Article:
Mike Weston (pictured), CEO of LGPS Central, talks to Carlo Svaluto Moreolo about creating a state-of-the-art investment-management operation
There is no shortage of UK institutional investors based outside the City of London, but the same cannot be said about their service providers, most of which are based in the UK’s financial hub. This is just one of the many regional differences within the UK economy, which policymakers have long been trying to smooth out.
But the emergence of influential organisations such as LGPS Central, a £23bn pool of UK local government pension scheme (LGPS) assets, could help towards easing regional economic differences.
In 2015, the UK government devised a plan to pool together LGPS assets. The objectives were to reduce costs of running LGPS through economies of scale, optimise governance, increase investment in infrastructure and improve access to financial markets.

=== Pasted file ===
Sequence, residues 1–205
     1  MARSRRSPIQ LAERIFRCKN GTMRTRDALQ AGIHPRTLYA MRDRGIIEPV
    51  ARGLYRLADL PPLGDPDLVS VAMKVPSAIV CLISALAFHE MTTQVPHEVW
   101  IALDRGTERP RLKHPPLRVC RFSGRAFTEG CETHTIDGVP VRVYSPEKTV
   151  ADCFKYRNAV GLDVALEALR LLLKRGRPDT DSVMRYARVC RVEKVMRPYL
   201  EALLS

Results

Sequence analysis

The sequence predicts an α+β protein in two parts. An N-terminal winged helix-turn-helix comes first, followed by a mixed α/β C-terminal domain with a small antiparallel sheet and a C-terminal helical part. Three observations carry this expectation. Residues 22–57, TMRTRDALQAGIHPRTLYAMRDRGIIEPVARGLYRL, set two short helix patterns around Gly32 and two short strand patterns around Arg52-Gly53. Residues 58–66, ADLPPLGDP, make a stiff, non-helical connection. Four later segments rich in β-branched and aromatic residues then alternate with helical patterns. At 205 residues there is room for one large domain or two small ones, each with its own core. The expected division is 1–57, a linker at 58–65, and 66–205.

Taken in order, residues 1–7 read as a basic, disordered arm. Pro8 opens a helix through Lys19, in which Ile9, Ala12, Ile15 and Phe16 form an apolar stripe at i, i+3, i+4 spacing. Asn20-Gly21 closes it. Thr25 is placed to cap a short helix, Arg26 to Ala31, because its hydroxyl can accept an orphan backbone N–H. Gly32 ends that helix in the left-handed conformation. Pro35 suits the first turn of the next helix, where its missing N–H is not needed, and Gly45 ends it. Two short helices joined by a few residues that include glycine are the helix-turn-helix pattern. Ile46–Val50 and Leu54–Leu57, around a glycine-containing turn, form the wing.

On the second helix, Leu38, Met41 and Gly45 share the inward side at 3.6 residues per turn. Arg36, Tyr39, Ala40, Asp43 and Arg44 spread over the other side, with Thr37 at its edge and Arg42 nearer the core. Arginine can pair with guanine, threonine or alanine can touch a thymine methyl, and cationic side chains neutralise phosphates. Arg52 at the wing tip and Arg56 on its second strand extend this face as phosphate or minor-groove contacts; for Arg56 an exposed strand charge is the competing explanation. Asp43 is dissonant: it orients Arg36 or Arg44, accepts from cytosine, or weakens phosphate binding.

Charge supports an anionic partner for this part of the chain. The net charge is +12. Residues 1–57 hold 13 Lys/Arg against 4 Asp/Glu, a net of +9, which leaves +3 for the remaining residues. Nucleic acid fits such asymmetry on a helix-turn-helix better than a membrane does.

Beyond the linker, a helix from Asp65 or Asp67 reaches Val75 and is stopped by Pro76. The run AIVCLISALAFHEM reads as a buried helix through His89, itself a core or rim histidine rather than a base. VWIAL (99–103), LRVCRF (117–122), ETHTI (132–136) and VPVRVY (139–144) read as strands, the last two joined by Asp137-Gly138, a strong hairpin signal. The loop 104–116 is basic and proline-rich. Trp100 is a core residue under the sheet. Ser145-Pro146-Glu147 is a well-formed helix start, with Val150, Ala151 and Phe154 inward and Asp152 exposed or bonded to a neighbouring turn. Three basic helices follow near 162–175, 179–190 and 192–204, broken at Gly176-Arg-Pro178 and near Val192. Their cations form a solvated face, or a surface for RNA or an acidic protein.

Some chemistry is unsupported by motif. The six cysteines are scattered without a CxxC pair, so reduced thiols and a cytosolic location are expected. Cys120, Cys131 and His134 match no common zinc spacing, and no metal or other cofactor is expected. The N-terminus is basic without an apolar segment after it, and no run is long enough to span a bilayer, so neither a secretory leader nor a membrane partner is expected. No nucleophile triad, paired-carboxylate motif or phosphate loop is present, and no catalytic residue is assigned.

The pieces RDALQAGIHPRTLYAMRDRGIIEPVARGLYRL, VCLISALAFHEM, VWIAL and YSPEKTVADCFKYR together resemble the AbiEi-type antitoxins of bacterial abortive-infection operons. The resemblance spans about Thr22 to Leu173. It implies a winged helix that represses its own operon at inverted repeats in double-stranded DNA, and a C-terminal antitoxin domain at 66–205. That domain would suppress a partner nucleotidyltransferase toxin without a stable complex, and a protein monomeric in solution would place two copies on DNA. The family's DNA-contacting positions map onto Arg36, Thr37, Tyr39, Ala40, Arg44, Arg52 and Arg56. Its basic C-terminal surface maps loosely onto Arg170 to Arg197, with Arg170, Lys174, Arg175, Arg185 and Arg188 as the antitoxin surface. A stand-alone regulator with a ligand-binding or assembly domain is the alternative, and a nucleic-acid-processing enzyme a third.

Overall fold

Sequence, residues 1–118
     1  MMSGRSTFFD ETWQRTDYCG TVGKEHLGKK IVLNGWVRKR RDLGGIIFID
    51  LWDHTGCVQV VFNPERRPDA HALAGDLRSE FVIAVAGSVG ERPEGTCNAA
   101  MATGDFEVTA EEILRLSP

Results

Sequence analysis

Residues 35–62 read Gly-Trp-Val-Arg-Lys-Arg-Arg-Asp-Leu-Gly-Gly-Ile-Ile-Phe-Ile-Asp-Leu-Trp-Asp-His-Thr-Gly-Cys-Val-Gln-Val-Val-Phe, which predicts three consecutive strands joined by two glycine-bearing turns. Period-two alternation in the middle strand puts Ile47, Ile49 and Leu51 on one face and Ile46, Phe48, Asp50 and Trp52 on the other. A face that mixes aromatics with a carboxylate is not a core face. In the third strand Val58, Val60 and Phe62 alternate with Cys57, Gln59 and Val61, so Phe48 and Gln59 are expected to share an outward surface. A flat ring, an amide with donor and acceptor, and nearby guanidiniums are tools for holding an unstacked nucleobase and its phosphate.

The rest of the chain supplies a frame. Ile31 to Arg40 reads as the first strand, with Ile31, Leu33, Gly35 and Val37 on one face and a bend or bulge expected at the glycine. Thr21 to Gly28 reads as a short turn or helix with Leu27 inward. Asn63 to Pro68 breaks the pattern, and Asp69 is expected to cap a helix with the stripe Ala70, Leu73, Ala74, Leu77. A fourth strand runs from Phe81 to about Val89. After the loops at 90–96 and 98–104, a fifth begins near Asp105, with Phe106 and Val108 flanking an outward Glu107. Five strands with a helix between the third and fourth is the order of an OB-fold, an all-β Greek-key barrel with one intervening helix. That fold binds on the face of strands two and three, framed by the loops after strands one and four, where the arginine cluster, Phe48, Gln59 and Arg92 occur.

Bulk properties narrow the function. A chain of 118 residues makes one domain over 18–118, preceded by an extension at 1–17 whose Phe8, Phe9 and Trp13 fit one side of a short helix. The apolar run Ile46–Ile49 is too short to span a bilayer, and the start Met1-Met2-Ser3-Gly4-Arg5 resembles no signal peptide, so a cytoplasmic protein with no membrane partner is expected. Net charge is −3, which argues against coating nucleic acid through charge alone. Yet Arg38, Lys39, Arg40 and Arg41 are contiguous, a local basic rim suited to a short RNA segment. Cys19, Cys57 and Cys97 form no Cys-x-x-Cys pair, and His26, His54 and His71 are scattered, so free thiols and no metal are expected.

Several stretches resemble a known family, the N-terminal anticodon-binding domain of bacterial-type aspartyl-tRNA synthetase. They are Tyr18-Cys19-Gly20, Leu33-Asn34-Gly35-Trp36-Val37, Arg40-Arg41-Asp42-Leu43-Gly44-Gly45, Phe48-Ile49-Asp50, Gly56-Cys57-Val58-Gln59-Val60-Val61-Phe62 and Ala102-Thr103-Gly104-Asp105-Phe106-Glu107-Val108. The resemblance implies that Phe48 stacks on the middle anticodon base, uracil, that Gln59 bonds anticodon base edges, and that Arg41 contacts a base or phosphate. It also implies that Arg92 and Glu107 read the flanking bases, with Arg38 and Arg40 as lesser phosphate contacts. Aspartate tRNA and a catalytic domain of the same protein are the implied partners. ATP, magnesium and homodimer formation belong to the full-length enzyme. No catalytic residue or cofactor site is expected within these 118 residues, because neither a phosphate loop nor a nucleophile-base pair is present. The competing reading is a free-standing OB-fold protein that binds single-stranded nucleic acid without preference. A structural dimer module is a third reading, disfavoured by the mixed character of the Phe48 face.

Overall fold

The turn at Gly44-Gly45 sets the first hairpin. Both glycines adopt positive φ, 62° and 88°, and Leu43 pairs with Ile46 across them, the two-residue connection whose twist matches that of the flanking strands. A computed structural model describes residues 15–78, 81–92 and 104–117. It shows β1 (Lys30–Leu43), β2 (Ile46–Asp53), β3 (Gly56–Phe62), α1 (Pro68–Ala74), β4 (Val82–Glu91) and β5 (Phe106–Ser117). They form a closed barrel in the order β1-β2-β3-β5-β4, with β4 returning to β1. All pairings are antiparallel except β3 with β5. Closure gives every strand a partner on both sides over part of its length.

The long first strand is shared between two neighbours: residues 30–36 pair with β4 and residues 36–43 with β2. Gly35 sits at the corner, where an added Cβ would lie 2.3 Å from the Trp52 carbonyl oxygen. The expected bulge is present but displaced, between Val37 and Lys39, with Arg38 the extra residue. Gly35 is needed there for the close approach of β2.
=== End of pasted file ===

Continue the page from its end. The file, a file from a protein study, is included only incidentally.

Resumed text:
Since then, eight LGPS ‘pools’ have been created. Their local authority pension scheme clients, which are also their owners, have worked to set up modern asset management organisations.
Posing a challenge to the dominance of London as a financial centre was not among the main objectives of the plan but it could arguably be a potentially useful by-product.
LGPS Central Ltd, the company formed to manage the asset pool, is mainly based in Wolverhampton, a city in the West Midlands region. The area was once a key centre of the Industrial Revolution thanks to its coal mining, steel production and manufacturing industries. Today the city’s economy is based around the engineering sector.
The organisation is recruiting among the city’s and the region’s graduates, which Mike Weston, LGPS Central’s CEO, says is helping to build a diverse workforce. This year, LPGS Central will run its second graduate scheme.